In 1986, Geoff Harben received word that Floyd Dryden Middle School was searching for someone to be its wrestling coach.
Twenty four years later, the rest ishistory.
The tournament previously known as the Floyd Dryden Invitational is now the Coach Harben Invitational in honor of the school's long-time coach who will be retiring from the sport following Floyd Dryden's final match of the season.
Harben said he was pleasantly surprised by the honor as he suspectednothing.
"When I drove up to the school yesterday and saw it out on the billboard out there, it was a neat surprise," Harben said. "It's really nice after 24 years of coaching these kids."
Harben, who grew up in Long Island, N.Y., wrestled for four years at Mepham High School, a prominent area high school, where his team lost only one dual meet his entire career and was state champion his senior season. He said at the time, more kids would come watch the wrestling matches than football games.
He then went on to wrestle at the Coast Guard Academy for four more years before the Coast Guard eventually brought him to Juneau.
"At that time, my daughter was in eighth grade at Floyd Dryden, and she was passing by the office," Harben said. "She overheard the vice principal talking to the principal saying that they needed a new wrestling coach. So she called me at work, and I came down that afternoon and have been coaching ever since."
When asked to talk about his favorite memory of the last 24 years, Harben stared into space, filing through the memory banks for that one moment. His speechlessness was understandable as he finally said that, after all the years, it is too difficult to pin-point his favorite memory of coaching at FDMS.
"We've won championships and I've had champions, but I think when you see a kid that's behind or down, then all of a sudden digs deep and reverses that match and wins, that's what means a lot to me," he said. "I've seen several of those, and that's what makes you come back every year.
"You know, it's that one kid that really did something outstanding."
Harben's influence has reached not only the kids he has coached, but those he has coached alongside and against as well.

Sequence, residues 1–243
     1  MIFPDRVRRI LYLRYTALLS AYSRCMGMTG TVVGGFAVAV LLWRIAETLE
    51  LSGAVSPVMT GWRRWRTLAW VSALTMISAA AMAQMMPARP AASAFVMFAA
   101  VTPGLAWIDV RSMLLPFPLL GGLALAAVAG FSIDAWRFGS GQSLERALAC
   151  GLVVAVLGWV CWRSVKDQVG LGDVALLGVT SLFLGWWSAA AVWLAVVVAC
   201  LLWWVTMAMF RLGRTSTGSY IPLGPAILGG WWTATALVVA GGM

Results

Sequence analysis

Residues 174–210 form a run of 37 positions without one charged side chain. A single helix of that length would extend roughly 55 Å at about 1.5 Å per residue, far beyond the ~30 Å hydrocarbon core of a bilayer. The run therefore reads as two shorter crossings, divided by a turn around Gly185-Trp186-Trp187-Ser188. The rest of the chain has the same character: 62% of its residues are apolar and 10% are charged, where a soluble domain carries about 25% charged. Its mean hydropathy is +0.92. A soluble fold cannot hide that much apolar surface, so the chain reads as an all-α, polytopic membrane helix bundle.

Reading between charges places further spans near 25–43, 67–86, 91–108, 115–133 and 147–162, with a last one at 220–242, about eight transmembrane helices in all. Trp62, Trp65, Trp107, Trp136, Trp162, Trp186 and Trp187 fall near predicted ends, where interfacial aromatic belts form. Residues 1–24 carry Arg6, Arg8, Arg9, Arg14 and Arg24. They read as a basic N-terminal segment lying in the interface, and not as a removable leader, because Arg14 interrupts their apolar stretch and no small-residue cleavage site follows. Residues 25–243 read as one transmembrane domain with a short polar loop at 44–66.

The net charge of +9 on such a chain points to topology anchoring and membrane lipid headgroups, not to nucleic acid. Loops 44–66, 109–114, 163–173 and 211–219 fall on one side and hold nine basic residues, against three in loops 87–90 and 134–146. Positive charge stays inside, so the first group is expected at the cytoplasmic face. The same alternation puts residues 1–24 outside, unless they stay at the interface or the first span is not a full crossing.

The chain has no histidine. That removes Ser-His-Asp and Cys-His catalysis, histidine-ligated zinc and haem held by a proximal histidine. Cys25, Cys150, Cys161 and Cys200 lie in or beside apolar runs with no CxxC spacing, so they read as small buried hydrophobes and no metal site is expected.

"With all the experience and his wrestling career, he just brings a wealth of knowledge on how to run a team," said Floyd Dryden assistant wrestling coach Kris Mercer. "I've stolen probably half of my best speeches from listening to him give speeches.
"We joke about it, but the way he talks to kids and the way he inspires them is something I've learned from him over the past few years."
Mercer, who previously coached at Dzantik'i Heeni Middle School for 15 years as Harben's archrival, said the two have become the best of friends over the past three years coaching together at Floyd Dryden.
"He (Harben) is a leader of men. He's turned hundreds of boys into the men they are today," he said. "We have great fun, the kids learn a ton and I think they had fun while doing it. He's just a great role model."
When asked to describe Harben in only a few words, Mercer was succinct and complimentary:
"Tough, fair, committed."
Following the season, Harben will have a little more free time on his hands that he plans to spend with loved ones.
"I'm still working, but I'll probably be leaving this summer to head down south. I have two daughters, one in Portland and one in Seattle, and I have two grandchildren now. So I'm going to be with the family a little bit more and just kind of sit back," he said. "I'm definitely going to miss wrestling and all of this. But I have an idea I'll be keeping an eye on it and coming back from time to time, just to see."
Harben said wrestling is an individual sport, though team scores are kept, that instills confidence in the kids that take part, and helps develop them into the people they will be later in life.
"The self-confidence that it gives kids that maybe can't throw a ball through a hoop or throw a pass, but they can wrestle just gives them a lot of experience and confidence that they can succeed," he said. "We saved kids that maybe have not done well in school - that have to keep their grades up during the season - so that has turned them around. If they do keep their grades up, they are rewarded by participating in this sport."
If you ask the people that know him well, just being around coach Harben has been a reward enough in itself.
Matthew Tynan can be reached at ph.# 523-2267 or by e-mail at firstname.lastname@example.org.